Remembering Cumbrian shooting victims one week on
A week ago, people across west Cumbria were being warned to stay in their homes as gunman Derrick Bird carried out his violent rampage in towns and villages across the region.
Today, people in those towns and villages came out in their hundreds to be together to pay their respects to those who died and pray for the wounded.
In Whitehaven, flowers were placed by friends and loved-ones in the centre of the congregation at the open-air service at St Nicholas' Church.
As the minute's silence began with the clanging of a school bell, people quietly wept for loved-ones, the horror of what happened just seven days ago still fresh in their minds.
As the quiet lifted, taxi drivers and motorists blasted their horns solidly for another minute to show solidarity.
End Quote The Rev John Bannister, Rector of St James Church
The healing of this dreadful hurt will only come from the support we give each other as a community”
Shops closed to allow workers to take part in the service.
This community is hurting but it is united in its grief.
"The healing of this dreadful hurt will only come from the support we give each other as a community," said the Reverend John Bannister, Rector of St James Church in Whitehaven.
Many of those at the service in Whitehaven were there because they could not make it to gatherings being held where they live.'Show respect'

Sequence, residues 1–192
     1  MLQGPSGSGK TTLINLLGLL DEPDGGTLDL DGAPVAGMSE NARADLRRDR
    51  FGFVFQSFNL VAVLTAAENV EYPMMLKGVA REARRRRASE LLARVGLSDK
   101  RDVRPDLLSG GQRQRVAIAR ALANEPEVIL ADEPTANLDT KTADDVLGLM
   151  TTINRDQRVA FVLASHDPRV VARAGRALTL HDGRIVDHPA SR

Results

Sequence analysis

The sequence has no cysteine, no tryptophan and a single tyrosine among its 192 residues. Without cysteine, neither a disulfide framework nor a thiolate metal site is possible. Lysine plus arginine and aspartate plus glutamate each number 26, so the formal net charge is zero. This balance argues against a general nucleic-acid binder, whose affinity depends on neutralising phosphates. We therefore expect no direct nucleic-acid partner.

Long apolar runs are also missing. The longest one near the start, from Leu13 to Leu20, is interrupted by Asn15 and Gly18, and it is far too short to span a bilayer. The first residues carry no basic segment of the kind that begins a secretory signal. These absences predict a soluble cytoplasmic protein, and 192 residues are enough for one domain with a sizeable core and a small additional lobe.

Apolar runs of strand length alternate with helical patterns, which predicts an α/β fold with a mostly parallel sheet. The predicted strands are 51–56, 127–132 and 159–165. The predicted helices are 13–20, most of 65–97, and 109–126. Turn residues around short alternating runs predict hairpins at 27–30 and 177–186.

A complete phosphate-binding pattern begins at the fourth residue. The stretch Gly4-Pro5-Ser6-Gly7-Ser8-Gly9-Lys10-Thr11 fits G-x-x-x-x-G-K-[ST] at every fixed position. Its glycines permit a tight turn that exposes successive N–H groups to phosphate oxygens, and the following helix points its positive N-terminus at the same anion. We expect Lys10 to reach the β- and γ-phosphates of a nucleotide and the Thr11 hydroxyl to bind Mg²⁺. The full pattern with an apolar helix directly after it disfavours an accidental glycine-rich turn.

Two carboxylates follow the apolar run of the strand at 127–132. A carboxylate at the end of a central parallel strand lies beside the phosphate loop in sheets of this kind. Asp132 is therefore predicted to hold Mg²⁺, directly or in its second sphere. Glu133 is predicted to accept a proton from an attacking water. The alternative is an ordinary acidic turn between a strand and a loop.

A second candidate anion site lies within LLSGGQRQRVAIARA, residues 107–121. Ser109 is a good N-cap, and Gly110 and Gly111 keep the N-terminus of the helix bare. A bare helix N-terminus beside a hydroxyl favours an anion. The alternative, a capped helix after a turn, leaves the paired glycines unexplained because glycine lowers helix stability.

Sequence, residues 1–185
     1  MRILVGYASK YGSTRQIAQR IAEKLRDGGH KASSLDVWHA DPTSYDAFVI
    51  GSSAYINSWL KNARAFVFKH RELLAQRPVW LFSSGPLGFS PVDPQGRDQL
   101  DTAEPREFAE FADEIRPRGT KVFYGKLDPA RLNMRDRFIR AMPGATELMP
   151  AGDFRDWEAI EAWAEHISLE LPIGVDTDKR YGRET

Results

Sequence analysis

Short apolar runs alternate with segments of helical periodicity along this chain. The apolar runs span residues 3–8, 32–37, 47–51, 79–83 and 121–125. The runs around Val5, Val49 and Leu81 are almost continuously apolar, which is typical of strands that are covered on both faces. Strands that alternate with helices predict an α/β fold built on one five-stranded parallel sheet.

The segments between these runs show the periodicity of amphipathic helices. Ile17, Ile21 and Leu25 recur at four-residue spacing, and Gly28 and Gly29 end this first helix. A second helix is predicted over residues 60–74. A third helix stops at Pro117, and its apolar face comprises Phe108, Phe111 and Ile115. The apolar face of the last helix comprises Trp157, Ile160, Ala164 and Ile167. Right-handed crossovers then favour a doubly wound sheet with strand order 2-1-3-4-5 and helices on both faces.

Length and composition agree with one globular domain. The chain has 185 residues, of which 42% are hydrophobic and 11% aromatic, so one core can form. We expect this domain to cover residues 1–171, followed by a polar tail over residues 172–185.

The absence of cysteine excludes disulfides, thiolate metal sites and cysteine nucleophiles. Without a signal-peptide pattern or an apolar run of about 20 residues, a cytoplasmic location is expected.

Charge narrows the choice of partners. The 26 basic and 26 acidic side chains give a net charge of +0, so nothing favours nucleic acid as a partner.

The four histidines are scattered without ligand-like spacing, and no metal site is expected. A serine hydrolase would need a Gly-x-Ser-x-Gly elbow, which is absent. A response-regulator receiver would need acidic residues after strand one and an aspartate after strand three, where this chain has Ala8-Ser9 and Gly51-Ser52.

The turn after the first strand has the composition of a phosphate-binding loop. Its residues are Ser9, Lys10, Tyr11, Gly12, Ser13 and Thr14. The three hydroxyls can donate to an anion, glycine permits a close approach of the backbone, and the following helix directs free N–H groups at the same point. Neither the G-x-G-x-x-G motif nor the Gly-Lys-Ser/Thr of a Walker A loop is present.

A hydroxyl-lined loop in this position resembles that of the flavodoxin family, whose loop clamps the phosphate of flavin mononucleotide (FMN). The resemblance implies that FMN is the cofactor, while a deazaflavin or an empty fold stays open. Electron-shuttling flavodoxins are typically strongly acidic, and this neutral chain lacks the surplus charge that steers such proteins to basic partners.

Mel Gould was one of them.
He said: "Someone I know was killed in Gosforth.
"I couldn't make it to the service because I work here in Whitehaven but I needed to show my respect."
Victoria Finnegan, 32, said: "It's a nice and respectful thing to do to show how we are feeling.
"We are doing more than just laying down flowers, we are all here together.
"I am glad they (services) are everywhere so people can go, even if they are not in Whitehaven."
Michael Goldwater, who has lived in Whitehaven for 35 years, said: "I feel I have to be here out of love and respect.
"I knew three of the victims; they were my friends. We are a close-knit community."England flag
Taxi drivers who lined the streets during the service were keen to share their plans to ensure the memory of their friend and colleague Darren Rewcastle, who was shot dead by Bird on Duke Street, Whitehaven, lives on.
Lynne Hicks, 38, who has been dubbed the "leader" of the taxi drivers by her fellow workers, has organised a collection of money to be given to the Rewcastle family.
Miss Hicks has also arranged for taxi drivers working in the town to sign an England flag in his memory and they have decorated their cars with flags and ribbons in tribute.
She said: "Darren had his car decorated with flags and ribbons ahead of the football World Cup so it seems fitting to do this for him.
"He would have loved this, he loved being the centre of attention."
Some drivers said that despite their friendship with Derrick Bird, a fellow taxi driver, before the attack, they would not be attending his funeral.
Alan Mossop, 30, said: "It wouldn't be right to go to Derrick's funeral.
"I knew him as a decent man but I can't go because of who he was for those few hours last week."
Eddy Mason, 42, said: "We are still in shock. I was friends with Derrick but I just feel I can't go."